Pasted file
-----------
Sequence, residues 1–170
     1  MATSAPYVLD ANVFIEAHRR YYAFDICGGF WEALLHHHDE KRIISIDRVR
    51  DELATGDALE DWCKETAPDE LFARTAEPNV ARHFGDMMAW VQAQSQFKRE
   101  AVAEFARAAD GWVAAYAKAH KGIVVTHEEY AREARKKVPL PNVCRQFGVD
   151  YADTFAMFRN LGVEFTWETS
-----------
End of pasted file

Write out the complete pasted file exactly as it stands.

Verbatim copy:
Sequence, residues 1–170
     1  MATSAPYVLD ANVFIEAHRR YYAFDICGGF WEALLHHHDE KRIISIDRVR
    51  DELATGDALE DWCKETAPDE LFARTAEPNV ARHFGDMMAW VQAQSQFKRE
   101  AVAEFARAAD GWVAAYAKAH KGIVVTHEEY AREARKKVPL PNVCRQFGVD
   151  YADTFAMFRN LGVEFTWETS